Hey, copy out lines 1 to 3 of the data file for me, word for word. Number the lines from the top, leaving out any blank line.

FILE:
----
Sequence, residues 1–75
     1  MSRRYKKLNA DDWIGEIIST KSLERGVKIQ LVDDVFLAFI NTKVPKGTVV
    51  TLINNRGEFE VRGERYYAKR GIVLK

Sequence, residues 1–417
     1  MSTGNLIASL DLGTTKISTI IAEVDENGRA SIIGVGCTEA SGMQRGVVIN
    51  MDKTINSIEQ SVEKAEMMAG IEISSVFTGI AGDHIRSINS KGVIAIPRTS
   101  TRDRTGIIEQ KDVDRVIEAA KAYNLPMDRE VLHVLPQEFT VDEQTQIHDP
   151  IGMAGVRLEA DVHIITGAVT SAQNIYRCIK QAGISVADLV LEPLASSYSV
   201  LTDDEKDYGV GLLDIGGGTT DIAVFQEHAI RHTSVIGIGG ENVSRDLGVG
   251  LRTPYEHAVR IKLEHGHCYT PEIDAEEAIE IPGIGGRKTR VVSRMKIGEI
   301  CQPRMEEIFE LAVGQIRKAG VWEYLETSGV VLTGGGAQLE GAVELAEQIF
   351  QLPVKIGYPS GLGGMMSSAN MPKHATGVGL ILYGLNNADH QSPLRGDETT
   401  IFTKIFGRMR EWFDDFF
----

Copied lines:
Sequence, residues 1–75
     1  MSRRYKKLNA DDWIGEIIST KSLERGVKIQ LVDDVFLAFI NTKVPKGTVV
    51  TLINNRGEFE VRGERYYAKR GIVLK